“Probably the one thing that springs first to mind was how well the organisation responded to the Christchurch earthquakes and how quickly it was able to get back into a position where it was helping people. The response of WesleyCare staff was amazing; people whose own homes were in terrible conditions came in, whether they were on duty or not, to help look after residents during that time. Other staff worked out of their cars while the Mission was without a base,” he says.
“Flexibility has been the hallmark of the Mission, rather than being driven by “this is what we are funded to do” or a narrow view of what a professional service is. We take a broad view and focus on the person.”
After four years as board chair, Garth has stepped down but will stay on as a board member. He is unassuming about his contribution to CMM, pointing instead to the impact of staff and management on the organisation.
He highlights the benefit of “remarkable” executive directors in his time with CMM and was impressed that the CMM board was happy to stick its neck out and invest in housing by using its reserves after the earthquake. “They said, “If reserves are for a rainy day and it’s not raining now then we don’t know when it will.” While prudent, the board is also overwhelmingly happy to take calculated risks when needed. That certainly is something that sticks in my mind.”
Garth admires the ability of CMM to respond to whatever is needed and to marry compassion with social justice; not to lose sight of individual needs but to place them within the systemic changes that are required for a fairer society. CMM is here for the long haul. “We’ve been around for 80 years and have changed quite a bit in terms of what is most helpful to people. The funding might come and go and things go in and out of fashion but the mission’s commitment to stand alongside people will outlast those. That’s what impresses me.”
Garth has devoted his working life to non-profits. One change he would like to see would be the “wholehearted” implementation of the recommendations of the government’s Welfare Expert Advisory Group, which called for a substantial overhaul of our welfare systems. This includes reinstating cuts in benefits in place since Ruth Richardson‘s 1991 ‘mother of all budgets’.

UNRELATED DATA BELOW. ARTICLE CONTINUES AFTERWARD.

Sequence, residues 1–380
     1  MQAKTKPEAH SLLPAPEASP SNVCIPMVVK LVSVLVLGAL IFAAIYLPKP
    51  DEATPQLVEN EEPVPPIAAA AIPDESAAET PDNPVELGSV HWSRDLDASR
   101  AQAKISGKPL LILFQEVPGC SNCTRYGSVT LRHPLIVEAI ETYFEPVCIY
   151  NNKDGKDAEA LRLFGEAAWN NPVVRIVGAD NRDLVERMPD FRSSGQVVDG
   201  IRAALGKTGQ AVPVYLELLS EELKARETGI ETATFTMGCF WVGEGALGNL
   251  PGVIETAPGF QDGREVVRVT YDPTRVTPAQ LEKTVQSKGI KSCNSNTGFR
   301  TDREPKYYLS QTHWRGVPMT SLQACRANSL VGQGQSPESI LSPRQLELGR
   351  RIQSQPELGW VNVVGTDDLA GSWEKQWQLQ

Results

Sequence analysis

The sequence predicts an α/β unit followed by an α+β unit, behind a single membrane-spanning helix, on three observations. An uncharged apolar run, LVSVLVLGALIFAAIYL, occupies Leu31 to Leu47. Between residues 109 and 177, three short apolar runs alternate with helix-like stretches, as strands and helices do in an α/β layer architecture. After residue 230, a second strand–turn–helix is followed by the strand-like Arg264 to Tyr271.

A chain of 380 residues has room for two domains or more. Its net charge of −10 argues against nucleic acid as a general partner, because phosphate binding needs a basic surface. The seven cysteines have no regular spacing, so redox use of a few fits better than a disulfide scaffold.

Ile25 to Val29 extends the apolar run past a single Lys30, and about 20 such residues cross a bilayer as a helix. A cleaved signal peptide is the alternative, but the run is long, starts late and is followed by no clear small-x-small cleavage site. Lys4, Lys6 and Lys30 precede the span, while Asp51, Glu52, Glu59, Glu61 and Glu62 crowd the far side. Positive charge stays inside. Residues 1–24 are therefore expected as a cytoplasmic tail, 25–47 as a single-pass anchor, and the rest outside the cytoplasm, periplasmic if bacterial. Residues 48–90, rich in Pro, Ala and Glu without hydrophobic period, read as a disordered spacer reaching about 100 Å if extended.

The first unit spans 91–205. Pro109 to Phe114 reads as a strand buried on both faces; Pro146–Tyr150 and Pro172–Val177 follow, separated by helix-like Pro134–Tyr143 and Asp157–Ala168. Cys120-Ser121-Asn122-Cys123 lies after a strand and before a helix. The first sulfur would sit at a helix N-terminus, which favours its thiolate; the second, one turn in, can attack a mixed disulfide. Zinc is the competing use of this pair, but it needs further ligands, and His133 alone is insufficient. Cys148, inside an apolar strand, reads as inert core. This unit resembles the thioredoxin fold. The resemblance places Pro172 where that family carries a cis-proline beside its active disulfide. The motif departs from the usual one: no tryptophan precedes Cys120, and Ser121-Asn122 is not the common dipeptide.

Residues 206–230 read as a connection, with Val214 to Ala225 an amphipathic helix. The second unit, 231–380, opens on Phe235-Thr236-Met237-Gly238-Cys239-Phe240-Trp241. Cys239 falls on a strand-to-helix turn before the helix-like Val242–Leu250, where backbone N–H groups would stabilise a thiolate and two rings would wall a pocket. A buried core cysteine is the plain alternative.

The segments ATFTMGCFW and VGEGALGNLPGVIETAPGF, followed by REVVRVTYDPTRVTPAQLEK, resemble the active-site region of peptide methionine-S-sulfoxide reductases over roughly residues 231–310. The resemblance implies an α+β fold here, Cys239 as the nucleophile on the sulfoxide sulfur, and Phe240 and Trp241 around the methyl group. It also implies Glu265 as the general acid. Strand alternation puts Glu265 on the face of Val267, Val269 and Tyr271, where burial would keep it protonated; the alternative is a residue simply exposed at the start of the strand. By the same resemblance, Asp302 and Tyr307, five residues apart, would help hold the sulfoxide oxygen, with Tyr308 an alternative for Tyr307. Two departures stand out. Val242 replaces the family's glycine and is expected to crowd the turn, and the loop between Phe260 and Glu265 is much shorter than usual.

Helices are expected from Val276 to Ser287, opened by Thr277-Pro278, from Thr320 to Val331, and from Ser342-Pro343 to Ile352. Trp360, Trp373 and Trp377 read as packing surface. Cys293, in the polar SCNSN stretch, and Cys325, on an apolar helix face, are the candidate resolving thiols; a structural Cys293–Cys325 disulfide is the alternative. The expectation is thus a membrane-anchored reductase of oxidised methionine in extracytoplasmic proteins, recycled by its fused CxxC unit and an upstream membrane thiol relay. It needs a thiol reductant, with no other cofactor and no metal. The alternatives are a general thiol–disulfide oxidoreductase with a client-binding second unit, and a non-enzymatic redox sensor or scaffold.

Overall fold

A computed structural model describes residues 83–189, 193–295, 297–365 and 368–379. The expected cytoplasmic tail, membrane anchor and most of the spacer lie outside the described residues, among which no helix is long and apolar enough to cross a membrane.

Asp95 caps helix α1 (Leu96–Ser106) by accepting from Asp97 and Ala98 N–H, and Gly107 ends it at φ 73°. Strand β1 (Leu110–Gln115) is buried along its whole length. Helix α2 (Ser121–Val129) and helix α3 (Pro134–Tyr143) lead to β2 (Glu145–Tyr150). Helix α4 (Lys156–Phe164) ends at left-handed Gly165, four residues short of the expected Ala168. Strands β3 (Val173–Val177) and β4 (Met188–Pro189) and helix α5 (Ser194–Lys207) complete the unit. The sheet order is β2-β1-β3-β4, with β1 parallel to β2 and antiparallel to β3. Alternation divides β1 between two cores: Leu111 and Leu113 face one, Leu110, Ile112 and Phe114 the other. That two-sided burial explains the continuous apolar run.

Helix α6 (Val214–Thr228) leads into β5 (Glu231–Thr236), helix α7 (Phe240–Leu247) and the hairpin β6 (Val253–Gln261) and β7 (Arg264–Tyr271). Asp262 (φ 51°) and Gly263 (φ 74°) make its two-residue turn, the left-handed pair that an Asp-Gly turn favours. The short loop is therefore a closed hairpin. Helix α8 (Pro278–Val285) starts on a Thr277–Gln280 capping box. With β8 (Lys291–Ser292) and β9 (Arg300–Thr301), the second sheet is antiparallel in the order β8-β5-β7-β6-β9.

New Zealand also needs a change of attitude toward beneficiaries. “Restoring dignity to our social security is just as important as financial support. People deserve dignity and respect.” It is an indictment on society that Work and Income has had to employ security guards. “Any agency that has to trespass its own clients and put in place enforcement procedures so staff are not harmed is a symptom of an enormous failure in its culture.”
He would like to see safe, warm and affordable housing for all, saying it needs to be the right of every citizen and that New Zealand demonstrates its greatness as a nation by including everyone.
CMM Executive Director Jill Hawkey says Garth has a deep commitment to social justice and a strong understanding of Methodism. “He has an incredible ability to analyse social policy and the wider environment in which the Mission works, thus enabling the Mission to respond to the most important social issues. Under his leadership, he has encouraged the Mission to be radical and brave in our work for social transformation.”
Garth Nowland-Foreman is stepping down as CMM chair but retaining a seat on the board.